Campus greening projects planned for Valley Crossing and Crestview Elementary Schools

September has arrived and with it grey skies, crisp autumn air (oh, so crisp), and children heading back to school. School this year will look completely different from anything we’ve seen before. Some students will stay home and begin fully-distant learning programs, while others head back to school twice a week on alternating days.

Last spring, before COVID swept the globe, staff from South Washington Watershed District began working with the South Washington County School District 833 to plan an overhaul of the outdoor campuses at Valley Crossing and Crestview Elementary Schools. At Valley Crossing in Woodbury, the school will convert 3.7 acres of turf to oak savanna and work with the watershed district to revitalize 7.15 acres of existing prairie on site. Crestview Elementary in Cottage Grove will restore 10 acres of degraded woodlands on campus and convert several areas of unused turf to prairie as well.

The projects are part of the watershed district’s Campus Greening program and are intended to reduce stormwater runoff, while also restoring and enhancing habitat, and creating unique outdoor learning spaces for the students. A previous project at Lake and Middleton Schools in Woodbury in 2018 converted 15-acres of non-active use turf to prairie and native plantings, in addition to adding 200 trees and two outdoor classrooms to the school properties.

When public land surveyors mapped southern Washington County in 1848, they found few trees beyond the scattered oaks growing in upland savanna and the floodplain forests along the rivers. Where Valley Crossing and Crestview stand today, surveyors describe the land as rolling prairies with “second rate” soils. Oak barrens – a fire-dependent habitat with oaks growing among prairie grasses and forbs – were found nearby. 

Following European settlement, the land was nearly entirely cleared for farming. The earliest available air photo from Crestview, taken in 1936, shows the entire site farmed in row crop agriculture. A 1953 air photo from the Valley Crossing site shows most of the site was row cropped as well, with a small lake and farmstead located along what is now Valley Creek Road. The Cottage Grove site remained in agriculture until the early 1960s when both Crestview Elementary and Park High School were built. The Valley Crossing site, meanwhile, was farmed until the 1990s.

Today, both schools have pockets of natural habitat that were created on school land decades ago but have degraded over time due to lack of maintenance and invasive species. This spring, South Washington Watershed District secured a $49,920 Conservation Partners Legacy Grant from the Minnesota DNR to help fund 10-acres of woodland restoration at Crestview. The small prairie at Valley Crossing is in better condition and will be easier to restore to good health. This past spring, the watershed district coordinated a controlled burn on the site, after which restoration specialist Tony Randazzo said that he observed a great flush of native grasses and flowers in the early summer.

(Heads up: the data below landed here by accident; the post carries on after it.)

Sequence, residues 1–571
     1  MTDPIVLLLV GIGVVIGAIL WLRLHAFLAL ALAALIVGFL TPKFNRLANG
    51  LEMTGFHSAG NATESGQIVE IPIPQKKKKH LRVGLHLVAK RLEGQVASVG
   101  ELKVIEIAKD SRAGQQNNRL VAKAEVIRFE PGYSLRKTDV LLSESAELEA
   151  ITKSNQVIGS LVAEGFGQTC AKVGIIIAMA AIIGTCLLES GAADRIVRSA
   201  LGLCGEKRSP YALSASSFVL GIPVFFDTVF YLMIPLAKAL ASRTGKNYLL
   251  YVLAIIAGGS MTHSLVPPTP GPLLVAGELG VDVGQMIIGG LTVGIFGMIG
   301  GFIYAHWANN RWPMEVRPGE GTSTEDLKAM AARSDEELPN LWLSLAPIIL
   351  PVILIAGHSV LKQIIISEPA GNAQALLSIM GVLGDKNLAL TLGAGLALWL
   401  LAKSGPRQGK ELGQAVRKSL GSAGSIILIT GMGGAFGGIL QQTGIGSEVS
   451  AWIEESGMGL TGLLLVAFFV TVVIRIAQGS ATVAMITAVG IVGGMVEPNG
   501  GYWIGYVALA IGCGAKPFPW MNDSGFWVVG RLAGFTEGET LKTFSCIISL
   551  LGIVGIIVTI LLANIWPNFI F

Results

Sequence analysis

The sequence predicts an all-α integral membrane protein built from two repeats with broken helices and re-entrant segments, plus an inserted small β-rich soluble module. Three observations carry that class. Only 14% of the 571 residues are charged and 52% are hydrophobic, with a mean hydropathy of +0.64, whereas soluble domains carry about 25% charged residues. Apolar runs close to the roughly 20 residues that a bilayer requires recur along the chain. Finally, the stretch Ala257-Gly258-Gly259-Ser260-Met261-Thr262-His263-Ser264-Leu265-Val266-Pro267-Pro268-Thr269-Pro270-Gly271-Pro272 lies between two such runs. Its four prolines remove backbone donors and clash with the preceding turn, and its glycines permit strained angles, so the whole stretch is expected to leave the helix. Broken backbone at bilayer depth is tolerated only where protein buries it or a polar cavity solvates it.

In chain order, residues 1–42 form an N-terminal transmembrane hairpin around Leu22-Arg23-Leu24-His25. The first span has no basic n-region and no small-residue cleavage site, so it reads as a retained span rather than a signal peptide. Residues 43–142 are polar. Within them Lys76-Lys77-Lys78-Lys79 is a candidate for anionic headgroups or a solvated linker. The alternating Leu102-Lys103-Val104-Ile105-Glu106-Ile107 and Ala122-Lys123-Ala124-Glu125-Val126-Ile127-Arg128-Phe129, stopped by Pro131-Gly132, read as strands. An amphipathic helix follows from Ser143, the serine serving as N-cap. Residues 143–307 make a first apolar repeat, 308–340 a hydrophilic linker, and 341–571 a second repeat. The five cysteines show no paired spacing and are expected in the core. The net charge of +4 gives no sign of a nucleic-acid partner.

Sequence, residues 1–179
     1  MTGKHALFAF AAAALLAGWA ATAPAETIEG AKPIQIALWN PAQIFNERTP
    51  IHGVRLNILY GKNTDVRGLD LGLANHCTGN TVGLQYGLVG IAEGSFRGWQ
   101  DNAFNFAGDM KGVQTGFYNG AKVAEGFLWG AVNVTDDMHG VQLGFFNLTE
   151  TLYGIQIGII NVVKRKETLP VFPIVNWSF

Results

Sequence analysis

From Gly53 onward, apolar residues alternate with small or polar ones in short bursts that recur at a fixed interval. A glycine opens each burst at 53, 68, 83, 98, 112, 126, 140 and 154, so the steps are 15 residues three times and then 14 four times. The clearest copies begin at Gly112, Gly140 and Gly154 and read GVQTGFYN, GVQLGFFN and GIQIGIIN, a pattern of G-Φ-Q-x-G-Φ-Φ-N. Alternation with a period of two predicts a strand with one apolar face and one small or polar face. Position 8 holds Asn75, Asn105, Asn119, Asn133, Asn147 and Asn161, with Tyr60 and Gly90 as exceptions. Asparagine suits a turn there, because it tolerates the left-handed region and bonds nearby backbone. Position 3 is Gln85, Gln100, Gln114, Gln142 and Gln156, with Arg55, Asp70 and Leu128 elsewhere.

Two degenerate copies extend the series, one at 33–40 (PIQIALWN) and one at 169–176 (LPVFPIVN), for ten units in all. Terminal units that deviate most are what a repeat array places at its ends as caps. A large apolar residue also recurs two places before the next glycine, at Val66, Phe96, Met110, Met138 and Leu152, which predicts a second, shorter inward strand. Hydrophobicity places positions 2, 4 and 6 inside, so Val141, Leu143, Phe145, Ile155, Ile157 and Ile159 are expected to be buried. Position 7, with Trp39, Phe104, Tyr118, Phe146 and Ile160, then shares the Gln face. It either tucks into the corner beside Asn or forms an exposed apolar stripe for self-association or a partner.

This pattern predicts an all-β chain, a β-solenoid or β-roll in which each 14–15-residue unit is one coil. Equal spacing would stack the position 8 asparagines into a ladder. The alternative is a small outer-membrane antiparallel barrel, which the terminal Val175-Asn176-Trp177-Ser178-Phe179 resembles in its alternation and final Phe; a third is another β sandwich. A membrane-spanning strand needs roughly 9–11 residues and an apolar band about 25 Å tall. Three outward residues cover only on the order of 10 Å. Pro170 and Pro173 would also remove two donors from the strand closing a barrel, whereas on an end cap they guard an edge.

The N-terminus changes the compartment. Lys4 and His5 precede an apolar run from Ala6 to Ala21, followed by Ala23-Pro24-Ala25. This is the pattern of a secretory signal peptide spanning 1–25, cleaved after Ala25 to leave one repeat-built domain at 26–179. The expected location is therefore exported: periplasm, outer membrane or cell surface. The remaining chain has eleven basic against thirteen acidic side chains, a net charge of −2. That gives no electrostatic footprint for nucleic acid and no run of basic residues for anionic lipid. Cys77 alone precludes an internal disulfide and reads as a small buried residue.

Above: A controlled burn on a small prairie in Woodbury, located on residential property. Periodic fires help to control invasive species and woody shrubs and provide ideal conditions for native prairie flowers to flourish.

The watershed district created its Campus Greening program as an alternative way for schools and other large campuses to meet their stormwater management requirements during construction and redevelopment. So, instead of building a large stormwater retention pond near a parking lot, schools can take a more holistic approach to protecting nearby waterways. These campus greening projects use less groundwater for irrigation, capture more rainwater on-site, create habitat for wildlife, and provide unique hands-on learning opportunities for students.

In addition to the physical transformations planned for the Crestview and Valley Crossing campuses, South Washington Watershed District also hopes to provide environmental education for the students at both schools and engage them in the planting projects. Last spring, special programming with the Carpenter Nature Center had to be canceled when the schools closed, but the watershed district hopes to re-engage the nature center for alternative programming this year. The Campus Greening projects will take two years to complete and will require regular maintenance into the future.